The World Wide Rave is one of the most exciting and powerful ways to reach an audience says David Meerman Scott.
Imagine if people couldn’t stop talking about your conference, your organization, your exhibitors and your sponsors online. Imagine if they were posting information about your upcoming event in Facebook, Twitter, LinkedIn and other social networks. That’s what a World Wide Rave does.
WWR- What Is That?
So exactly what is a World Wide Rave?
“A world wide rave is when people around the world are talking about you, your company and your products. It’s when communities eagerly link to your stuff on the Web. It’s when online buzz drives buyers to your virtual doorstep. It’s when tons of fans visit your Website and your blog because they genuinely want to be there.” ~ David Meerman Scott, World Wide Rave
Ok, makes sense. But how do you create one? And more importantly, how can you create one for your conference?
The Rules Of The Rave
Here’s how you can trigger a World Wide Rave surrounding your conference or event. First, you have to make something worth sharing!
Follow Meerman Scott’s Rules of the Rave to trigger a World Wide Rave for your next event. I’ve adapted his rules to fit conferences and events.
1. Nobody cares about your conference (except you.)
Read that again and get it through your skull! People care about themselves. They care about how to solve their problems. They want to experience something that is remarkable and unforgettable.
You must resist the urge to hype your conference. Instead, create something interesting about how your conference can help potential attendees solve their problems. Highlight the unforgettable experiences that will happen.
2. No coercion required.
Conference hosts are terrible at this. They often create marketing and advertising designed to coerce people into registering for an event. “Register now using this code and get an additional 20% off. Buy four registrations and get one free. Early bird rate extended for one week.”
These product-centric advertisements are not how to get people talking about your conference. When you have something worth sharing, people share it–no coercion required.
3. Lose control.
This one scares most people. You’ve got to lose control of your messages in order to allow them to become a World Wide Rave. Your conference content and experience needs to be easily shareable and free to people.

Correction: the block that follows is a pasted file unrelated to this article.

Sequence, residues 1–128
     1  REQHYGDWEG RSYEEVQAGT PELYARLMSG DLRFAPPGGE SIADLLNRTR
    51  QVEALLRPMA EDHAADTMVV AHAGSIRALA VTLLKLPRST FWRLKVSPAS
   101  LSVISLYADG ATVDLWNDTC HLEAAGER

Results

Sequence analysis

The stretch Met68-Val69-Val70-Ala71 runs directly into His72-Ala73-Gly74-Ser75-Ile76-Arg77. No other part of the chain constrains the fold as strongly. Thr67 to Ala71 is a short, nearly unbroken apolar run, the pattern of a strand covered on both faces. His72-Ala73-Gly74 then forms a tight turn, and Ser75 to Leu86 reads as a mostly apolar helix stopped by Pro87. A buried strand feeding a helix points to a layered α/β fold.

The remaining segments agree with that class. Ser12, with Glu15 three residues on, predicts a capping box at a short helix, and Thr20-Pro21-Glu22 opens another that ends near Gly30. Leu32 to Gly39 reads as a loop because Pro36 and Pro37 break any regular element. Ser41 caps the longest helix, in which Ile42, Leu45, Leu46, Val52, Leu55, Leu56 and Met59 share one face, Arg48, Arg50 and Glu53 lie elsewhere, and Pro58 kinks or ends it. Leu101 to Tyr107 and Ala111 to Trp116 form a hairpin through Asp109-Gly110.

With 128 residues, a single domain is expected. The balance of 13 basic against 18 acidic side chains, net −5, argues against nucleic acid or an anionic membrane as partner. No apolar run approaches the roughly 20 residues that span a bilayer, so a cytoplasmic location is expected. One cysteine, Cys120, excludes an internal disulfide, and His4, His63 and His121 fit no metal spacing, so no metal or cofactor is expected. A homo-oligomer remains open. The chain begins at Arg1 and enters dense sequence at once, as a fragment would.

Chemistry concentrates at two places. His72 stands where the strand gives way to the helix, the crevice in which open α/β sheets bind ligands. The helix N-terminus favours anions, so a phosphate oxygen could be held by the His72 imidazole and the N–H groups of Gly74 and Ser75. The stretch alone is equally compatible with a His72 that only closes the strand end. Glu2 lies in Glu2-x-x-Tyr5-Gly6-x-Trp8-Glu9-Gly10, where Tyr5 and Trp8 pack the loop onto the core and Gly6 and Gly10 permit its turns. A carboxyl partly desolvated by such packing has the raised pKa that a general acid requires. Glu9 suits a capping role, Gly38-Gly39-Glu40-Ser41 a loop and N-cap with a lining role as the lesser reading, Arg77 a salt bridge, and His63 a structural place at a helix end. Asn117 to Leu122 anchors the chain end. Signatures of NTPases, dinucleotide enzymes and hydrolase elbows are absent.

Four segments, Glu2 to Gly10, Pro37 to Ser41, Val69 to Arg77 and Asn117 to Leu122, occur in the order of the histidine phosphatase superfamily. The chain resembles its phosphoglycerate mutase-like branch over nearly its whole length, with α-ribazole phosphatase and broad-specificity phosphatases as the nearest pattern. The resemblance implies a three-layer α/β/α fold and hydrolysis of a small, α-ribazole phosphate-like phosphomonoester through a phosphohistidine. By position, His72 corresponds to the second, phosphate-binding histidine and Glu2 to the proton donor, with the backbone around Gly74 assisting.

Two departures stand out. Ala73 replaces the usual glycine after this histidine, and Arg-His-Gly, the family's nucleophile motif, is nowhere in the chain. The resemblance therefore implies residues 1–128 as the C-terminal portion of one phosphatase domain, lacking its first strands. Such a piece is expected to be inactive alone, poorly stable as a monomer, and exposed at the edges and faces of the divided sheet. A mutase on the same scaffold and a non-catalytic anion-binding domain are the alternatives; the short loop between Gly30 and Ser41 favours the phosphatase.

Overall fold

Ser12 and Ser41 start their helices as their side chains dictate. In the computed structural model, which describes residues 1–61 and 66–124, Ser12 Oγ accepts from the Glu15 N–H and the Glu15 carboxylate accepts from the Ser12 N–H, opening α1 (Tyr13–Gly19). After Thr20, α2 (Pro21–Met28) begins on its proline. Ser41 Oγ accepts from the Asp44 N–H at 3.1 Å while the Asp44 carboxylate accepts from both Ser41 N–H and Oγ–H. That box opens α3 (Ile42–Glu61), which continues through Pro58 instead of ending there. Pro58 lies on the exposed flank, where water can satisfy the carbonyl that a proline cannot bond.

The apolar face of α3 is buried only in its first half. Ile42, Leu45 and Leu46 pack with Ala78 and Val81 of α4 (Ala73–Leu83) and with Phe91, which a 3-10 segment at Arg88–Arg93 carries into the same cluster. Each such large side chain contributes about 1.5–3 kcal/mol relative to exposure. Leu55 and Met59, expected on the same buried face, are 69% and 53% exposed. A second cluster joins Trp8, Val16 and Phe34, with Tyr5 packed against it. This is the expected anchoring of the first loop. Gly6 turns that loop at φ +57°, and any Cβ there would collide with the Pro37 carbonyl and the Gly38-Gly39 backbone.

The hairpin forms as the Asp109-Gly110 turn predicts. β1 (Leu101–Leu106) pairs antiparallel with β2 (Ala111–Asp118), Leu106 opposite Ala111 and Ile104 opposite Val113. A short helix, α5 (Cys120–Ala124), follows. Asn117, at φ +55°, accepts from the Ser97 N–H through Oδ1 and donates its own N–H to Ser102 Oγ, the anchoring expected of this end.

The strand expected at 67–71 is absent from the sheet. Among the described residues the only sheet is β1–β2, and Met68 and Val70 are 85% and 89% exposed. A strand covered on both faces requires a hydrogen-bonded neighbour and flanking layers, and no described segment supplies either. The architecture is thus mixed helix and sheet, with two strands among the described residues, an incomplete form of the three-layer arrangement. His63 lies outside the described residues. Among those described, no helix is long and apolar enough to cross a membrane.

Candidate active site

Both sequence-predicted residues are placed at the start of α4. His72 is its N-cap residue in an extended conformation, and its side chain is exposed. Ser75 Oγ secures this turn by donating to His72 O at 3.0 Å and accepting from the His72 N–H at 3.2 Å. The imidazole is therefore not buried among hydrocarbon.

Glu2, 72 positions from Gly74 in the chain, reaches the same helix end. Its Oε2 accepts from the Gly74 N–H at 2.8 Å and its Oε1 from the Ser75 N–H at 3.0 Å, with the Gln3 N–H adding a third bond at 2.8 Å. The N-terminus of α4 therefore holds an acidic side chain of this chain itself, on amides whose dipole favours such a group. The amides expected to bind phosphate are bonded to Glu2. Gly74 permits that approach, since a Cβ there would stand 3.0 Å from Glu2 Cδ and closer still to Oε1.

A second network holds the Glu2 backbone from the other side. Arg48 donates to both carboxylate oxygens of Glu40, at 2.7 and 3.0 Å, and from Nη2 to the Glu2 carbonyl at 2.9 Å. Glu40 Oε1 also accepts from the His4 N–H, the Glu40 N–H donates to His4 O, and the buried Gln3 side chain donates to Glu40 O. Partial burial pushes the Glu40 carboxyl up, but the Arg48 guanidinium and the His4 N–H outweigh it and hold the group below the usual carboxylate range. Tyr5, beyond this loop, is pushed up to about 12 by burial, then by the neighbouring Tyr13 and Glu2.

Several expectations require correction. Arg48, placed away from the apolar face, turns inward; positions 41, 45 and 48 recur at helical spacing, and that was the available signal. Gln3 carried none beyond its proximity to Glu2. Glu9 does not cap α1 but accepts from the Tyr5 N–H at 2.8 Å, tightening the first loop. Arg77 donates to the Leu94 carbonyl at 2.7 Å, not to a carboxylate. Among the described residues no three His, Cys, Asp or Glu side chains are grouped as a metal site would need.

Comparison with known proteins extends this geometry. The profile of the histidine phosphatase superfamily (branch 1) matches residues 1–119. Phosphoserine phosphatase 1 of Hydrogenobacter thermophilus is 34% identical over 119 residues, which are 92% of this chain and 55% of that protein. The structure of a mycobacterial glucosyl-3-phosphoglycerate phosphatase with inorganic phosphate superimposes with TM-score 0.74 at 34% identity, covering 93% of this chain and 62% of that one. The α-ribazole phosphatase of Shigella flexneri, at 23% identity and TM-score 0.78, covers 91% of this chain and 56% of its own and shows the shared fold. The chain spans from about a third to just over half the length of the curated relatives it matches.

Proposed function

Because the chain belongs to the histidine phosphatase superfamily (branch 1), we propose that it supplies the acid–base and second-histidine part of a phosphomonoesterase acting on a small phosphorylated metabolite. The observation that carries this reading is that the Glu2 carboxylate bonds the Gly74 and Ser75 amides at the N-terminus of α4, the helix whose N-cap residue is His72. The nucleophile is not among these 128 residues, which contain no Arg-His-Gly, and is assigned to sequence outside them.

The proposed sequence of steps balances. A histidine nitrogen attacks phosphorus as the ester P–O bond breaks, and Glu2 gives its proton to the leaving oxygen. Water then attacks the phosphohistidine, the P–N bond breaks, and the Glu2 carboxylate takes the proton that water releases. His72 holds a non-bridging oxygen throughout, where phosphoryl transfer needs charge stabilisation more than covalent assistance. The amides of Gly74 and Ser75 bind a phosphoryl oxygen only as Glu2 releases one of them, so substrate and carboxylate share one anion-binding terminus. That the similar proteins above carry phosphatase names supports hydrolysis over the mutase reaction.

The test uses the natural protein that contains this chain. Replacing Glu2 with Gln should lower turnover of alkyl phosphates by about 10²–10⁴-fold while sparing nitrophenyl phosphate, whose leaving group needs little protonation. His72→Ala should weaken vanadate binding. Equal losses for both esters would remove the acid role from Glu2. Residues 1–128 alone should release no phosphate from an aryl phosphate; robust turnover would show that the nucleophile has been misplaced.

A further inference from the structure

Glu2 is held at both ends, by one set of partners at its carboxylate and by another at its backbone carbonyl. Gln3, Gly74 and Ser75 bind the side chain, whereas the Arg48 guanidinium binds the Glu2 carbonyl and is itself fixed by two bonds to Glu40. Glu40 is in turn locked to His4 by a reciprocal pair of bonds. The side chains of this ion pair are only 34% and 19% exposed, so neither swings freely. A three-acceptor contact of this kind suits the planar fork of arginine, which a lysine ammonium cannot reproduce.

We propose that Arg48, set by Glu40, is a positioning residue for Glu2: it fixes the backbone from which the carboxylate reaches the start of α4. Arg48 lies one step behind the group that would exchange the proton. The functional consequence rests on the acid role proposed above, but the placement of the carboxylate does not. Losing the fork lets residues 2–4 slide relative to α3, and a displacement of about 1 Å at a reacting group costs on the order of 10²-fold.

Requiring a sign-in or contact information (name, email, etc.) to receive free information is a sure way to limit and even kill a World Wide Rave on the spot.
4. Put down roots.
If you want your conference ideas to spread, the conference organizers and hosts need to be involved in online communities where people actively share. It’s no different than grandma saying, “If you want to meet a girl (or guy), you need to go where the girls (or guys) are.”
5. Create triggers that encourage people to share.
When you provide conference experiences that solve participants’ problems or are valuable, interesting, humorous or even outrageous, it’s primed to be shared. You need that trigger to get people talking.
6. Point the world to your online doorstep.
If you follow Meerman Scott’s Rules of the Rave, people will talk about your conference. When they do, they’ll generate online buzz that’s indexed by search engines. This is a better approach to drive people to your conference and organization. As a result of the World Wide Rave, your organization’s rankings rise in Google, Bing and other search engines.
Which of these six rules will be the most difficult for you to implement and why? What types of conference or events do we not want to become a World Wide Rave?
Marvin McTaw, Sched.org says
I think #3 Lose Control will be hardest step for most conference organizers. They are so used to managing every aspect of their event that letting control of the message go will be pretty hard to do.
David Meerman Scott says
Marvin – that is the most difficult one. An aspect of losing control which some organizers have trouble with is allowing people to blog, tweet, and do photos & videos in real-time. The best conferences provide free infrastructure (power and wireless Internet) to all attendees. However, that is still very rare.